For a moment, let us suspend our disbelief. Let’s say I went out and bought a gun. I am not talking about a modified AR-15. I am talking about a simple handgun. I will even go so far as to make it a .357. Okay, so we have the scene set. Now, because I have a second amendment right to own such a firearm and I am celebrating my right to do so, what do I do next?
How about one of the two things?
One, I could use my handgun to go out and shoot someone. No one in particular. Just someone. Someone that is bothering me. I will say I was standing my ground.
Two, I could use my gun in self-defense of my family. While I understand the statistics show that there are as many accidental shootings as there are cases of self-defense, I am going to have it available to shoot someone that I don’t want in my house (uninvited).
Now both of these scenarios could end with me shooting someone.
Are the shootings the same? Is the use of the gun the same?
So, you may ask yourself, what is my point?
I recently read a piece about the #walkaway movement. This movement is suggesting that people walk away from the Democratic Party because they are espousing the very things they are complaining about. Bigotry. Intolerance. Using people to further a cause. Here is the thing.
I get this every day. People constantly tell me that I am the problem. That my constant attacks on Trump supporters and the new conservative agenda are shutting down conversation. I am exactly the self-righteous person I rail against.
It is bullshit.
I am fighting against bigotry, racism, misogyny, homophobia, sexism, toxic masculinity, and profit over people.
They are fighting against being called that.
Democrats are bigoted against the bigots, show intolerance toward the intolerant. Democrats fight for other people by questioning policy.
Is it being intolerant to call out the intolerant? Is it being a bigot to show policies of bigotry?
This is the difference in what I meant by the gun metaphor. Both times I have a gun. But, what is it being used for?
The #walkaway people have made up a cause because they have no defense. And the people that are doing it? Conservatives. This is really popular among conservatives.
There is another issue I have with this contrived hashtag movement called #walkaway.
It is a command. It is telling you to walk away. Shouldn’t it be #walkedaway because you did? By making this an imperative sentence, it is suggesting you haven’t done it. Look at the other hashtag movements.
#metoo This suggests it happened to the person.
#notmypresident Suggests a political belief.
#blacklivesmatter Says that a group is important.
But, #walkaway? This is feeble and laughable.
So, why did I start out talking about guns? I knew that the people that this was intended for would at least start reading it.
Recently, I saw a picture online of John Edwards and Donald Trump. No, they weren’t together. They were in side-by-side with a caption by each. The one describing Edwards noted that he paid off a woman he was having an affair with and his career was ruined. The one describing Trump noted that he paid off a woman he was having an affair with and his career is being applauded. This troubles me.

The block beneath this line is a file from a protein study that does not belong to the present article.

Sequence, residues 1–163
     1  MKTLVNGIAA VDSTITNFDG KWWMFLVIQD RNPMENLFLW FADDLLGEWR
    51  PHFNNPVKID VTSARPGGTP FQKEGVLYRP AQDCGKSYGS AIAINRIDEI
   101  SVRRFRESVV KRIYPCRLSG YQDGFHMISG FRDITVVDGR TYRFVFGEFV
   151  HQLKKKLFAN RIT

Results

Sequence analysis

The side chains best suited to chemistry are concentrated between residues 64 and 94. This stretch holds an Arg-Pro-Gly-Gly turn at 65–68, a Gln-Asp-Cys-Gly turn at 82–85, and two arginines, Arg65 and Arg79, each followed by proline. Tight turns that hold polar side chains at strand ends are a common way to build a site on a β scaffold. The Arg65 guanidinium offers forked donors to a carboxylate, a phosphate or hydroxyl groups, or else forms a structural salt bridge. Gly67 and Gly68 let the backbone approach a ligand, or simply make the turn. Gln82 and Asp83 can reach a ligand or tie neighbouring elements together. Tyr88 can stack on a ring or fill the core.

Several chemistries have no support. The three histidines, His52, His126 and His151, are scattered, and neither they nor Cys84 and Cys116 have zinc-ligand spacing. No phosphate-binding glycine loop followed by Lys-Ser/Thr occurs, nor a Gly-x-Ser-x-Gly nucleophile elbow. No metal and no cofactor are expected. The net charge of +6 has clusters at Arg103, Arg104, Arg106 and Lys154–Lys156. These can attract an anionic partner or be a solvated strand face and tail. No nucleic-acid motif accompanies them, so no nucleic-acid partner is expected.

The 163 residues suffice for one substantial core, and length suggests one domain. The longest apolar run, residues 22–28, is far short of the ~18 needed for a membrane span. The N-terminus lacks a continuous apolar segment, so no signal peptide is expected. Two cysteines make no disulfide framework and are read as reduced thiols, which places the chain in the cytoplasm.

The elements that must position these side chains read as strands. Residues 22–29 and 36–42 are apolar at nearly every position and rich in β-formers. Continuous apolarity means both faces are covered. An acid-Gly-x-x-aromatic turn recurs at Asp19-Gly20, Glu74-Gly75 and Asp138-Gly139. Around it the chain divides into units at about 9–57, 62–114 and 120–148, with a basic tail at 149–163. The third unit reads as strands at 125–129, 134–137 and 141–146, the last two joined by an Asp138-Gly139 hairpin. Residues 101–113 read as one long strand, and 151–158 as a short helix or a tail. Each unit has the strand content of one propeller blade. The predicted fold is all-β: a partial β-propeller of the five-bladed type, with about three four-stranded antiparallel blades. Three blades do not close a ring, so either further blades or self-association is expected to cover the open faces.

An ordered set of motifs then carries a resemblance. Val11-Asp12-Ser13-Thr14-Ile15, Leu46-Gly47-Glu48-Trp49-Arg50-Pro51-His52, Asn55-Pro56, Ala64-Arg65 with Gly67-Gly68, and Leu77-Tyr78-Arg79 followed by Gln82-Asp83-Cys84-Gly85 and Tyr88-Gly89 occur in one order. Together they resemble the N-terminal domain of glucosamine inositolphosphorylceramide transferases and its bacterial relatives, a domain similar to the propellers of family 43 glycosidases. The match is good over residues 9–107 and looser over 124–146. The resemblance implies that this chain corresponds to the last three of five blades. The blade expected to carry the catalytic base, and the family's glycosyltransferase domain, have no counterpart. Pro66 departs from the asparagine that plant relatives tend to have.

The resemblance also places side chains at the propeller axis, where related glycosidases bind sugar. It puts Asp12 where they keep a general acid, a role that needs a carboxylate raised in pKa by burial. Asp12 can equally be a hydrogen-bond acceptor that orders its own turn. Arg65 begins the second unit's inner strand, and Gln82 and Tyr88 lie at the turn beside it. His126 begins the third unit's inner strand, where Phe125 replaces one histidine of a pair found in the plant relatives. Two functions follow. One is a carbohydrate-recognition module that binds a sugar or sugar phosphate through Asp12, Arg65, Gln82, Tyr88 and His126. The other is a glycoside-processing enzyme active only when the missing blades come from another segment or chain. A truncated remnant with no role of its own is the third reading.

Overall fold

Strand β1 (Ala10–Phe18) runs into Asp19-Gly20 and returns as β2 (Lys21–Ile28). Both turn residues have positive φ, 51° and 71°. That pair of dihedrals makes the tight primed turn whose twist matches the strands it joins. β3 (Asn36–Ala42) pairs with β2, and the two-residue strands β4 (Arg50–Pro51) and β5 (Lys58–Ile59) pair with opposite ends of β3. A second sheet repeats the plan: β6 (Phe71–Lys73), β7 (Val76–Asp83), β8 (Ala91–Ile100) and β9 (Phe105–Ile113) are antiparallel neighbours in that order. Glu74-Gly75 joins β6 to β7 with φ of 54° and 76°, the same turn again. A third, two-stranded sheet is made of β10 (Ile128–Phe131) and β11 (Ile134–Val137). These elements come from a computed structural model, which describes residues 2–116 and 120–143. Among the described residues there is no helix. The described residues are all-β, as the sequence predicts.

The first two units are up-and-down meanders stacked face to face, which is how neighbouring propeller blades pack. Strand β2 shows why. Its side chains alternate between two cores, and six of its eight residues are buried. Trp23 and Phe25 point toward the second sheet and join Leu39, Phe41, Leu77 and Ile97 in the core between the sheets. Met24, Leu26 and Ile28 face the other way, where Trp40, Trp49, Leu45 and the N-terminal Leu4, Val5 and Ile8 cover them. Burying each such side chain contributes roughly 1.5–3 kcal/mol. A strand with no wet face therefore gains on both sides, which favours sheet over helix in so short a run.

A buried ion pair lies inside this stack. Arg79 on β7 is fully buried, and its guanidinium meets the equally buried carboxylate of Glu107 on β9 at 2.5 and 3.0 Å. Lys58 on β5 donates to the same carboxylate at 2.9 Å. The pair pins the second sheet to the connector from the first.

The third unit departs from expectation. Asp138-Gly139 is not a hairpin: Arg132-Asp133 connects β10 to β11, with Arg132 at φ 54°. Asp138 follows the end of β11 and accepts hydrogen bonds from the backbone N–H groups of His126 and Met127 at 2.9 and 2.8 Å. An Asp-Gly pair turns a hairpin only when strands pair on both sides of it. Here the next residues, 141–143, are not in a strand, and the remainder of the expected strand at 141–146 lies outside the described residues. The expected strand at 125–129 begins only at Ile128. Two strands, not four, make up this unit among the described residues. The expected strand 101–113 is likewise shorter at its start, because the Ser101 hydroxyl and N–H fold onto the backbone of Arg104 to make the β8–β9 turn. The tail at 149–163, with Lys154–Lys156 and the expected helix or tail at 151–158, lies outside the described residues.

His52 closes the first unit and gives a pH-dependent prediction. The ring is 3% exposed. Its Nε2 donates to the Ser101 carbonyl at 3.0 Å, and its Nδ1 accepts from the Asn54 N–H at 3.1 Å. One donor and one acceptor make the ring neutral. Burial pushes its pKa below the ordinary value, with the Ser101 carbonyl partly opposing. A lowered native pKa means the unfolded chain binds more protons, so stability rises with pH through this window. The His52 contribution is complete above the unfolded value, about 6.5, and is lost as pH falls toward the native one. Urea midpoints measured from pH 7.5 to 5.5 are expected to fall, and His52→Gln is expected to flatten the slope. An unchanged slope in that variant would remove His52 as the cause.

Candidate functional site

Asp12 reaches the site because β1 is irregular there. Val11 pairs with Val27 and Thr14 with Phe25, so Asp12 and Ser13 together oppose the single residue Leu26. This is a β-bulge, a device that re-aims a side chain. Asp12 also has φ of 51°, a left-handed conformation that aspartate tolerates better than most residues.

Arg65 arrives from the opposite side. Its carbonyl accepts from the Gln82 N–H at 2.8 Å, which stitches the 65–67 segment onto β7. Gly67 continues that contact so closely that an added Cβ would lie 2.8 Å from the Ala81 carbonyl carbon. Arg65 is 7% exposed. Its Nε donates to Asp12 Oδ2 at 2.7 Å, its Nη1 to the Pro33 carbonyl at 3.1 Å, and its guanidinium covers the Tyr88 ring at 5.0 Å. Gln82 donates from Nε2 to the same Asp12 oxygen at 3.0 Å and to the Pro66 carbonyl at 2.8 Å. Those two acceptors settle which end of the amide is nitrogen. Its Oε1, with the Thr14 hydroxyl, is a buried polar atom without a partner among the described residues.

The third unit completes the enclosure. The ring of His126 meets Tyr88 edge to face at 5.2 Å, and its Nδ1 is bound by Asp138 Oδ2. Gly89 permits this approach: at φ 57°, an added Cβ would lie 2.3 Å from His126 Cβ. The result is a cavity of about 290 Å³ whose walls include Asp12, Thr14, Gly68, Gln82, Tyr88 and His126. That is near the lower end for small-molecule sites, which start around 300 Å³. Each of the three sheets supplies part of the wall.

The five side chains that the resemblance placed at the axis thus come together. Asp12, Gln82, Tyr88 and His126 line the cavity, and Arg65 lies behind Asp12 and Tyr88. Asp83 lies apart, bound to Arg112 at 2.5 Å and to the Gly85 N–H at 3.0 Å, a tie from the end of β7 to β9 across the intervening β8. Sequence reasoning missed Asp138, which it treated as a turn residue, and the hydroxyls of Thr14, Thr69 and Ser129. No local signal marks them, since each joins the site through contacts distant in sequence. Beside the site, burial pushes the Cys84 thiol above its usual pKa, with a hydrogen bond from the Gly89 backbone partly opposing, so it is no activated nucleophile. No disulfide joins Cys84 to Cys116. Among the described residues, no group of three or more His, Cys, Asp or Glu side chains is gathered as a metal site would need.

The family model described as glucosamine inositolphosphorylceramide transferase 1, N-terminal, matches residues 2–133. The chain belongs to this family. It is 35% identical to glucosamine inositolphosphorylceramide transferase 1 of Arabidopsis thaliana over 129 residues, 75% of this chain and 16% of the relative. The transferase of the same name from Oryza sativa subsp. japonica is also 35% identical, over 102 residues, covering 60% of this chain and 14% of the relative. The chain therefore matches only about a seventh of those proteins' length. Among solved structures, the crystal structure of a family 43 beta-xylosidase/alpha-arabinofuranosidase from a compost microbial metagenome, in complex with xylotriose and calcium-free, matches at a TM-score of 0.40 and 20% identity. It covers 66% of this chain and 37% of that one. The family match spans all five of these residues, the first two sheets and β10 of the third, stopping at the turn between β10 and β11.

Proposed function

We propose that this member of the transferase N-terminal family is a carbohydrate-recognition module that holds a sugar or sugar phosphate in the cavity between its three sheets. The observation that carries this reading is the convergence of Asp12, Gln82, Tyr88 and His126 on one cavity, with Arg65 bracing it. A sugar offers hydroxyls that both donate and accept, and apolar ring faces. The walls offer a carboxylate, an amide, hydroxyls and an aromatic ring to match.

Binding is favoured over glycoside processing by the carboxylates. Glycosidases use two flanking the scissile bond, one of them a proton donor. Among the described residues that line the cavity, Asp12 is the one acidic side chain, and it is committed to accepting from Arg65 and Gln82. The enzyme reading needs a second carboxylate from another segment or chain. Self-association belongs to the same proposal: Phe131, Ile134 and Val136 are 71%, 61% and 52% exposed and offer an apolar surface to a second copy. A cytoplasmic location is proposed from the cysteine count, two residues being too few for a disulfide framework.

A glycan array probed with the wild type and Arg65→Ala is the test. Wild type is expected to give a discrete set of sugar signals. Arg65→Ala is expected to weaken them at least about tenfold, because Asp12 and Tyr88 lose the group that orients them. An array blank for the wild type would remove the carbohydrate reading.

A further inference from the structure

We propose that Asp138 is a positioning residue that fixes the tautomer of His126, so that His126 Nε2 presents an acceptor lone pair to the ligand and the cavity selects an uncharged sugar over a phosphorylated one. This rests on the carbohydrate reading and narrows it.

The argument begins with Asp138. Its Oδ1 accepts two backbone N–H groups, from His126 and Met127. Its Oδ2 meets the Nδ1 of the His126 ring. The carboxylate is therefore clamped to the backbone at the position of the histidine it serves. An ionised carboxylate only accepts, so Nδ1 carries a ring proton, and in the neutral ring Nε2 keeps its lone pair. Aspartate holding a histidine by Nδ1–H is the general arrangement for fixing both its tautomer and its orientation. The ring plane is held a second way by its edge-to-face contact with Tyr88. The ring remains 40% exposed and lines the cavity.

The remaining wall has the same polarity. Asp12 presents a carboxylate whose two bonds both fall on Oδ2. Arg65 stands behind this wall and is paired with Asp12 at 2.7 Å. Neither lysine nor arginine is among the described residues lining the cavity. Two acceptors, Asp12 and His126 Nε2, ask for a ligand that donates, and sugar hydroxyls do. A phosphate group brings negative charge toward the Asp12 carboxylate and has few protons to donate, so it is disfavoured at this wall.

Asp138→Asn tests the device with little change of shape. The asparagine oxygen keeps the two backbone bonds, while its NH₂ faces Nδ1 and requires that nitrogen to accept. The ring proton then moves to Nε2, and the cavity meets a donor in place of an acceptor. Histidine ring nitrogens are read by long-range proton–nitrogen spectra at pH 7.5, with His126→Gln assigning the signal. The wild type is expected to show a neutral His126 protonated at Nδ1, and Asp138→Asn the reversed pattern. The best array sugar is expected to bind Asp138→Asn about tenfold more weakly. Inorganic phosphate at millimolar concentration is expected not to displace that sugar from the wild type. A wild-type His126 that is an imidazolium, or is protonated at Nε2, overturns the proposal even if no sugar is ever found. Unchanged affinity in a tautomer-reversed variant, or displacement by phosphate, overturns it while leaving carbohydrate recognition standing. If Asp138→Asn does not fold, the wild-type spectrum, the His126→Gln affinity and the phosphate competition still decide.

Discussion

We are barreling into a time where there is a schism so wide that simple ideas of right and wrong are being redefined. What was a ghastly act by a former candidate is now acceptable. What was considered to be morally reprehensible is now just a character flaw. This wavering of morality (and ethics) to suit an agenda is forcing(?) people to redefine what they believe, or, at times, compartmentalize it. So, certain behavior is okay if things are going your way?
I was having a conversation the other day (well, argument) with a conservative, Trump supporter and I questioned her/his support for Trump. During this ‘discussion’ it was noted that this person didn’t really care about Trump’s personality, his indiscretions, his commentary, or his attitude. The only comment was, “He gets things done.” Be that as it may, this person prides her/himself as being Christian. Trump’s behavior, commentary, and braggadocio are decidedly not. Over the course of time, I have noticed that collectively this view is common. Where individuals are appalled at the fact that Bill Clinton had an affair in the Oval Office and Hilary forgave him (maybe?), they see no problem with the idea of Trump having an affair with a porn star or a Playboy model.
Okay…I know there is a difference. Clinton was president at the time. But, if this is the argument, it would be that because he was president he was held to a different standard. Well, based on this assumption, shouldn’t Trump be held to the same standard? Shouldn’t evidence (which is just coming out) that he had an affair put into question his character?
And using this logic, wouldn’t it be not just about affairs, but about the office of the president? On the campaign trail and while in office, he has made derogatory comments about minorities, celebrities, opponents, and the press. These aren’t just statements of disagreement, they are juvenile diatribes using language more suited middle school. For instance: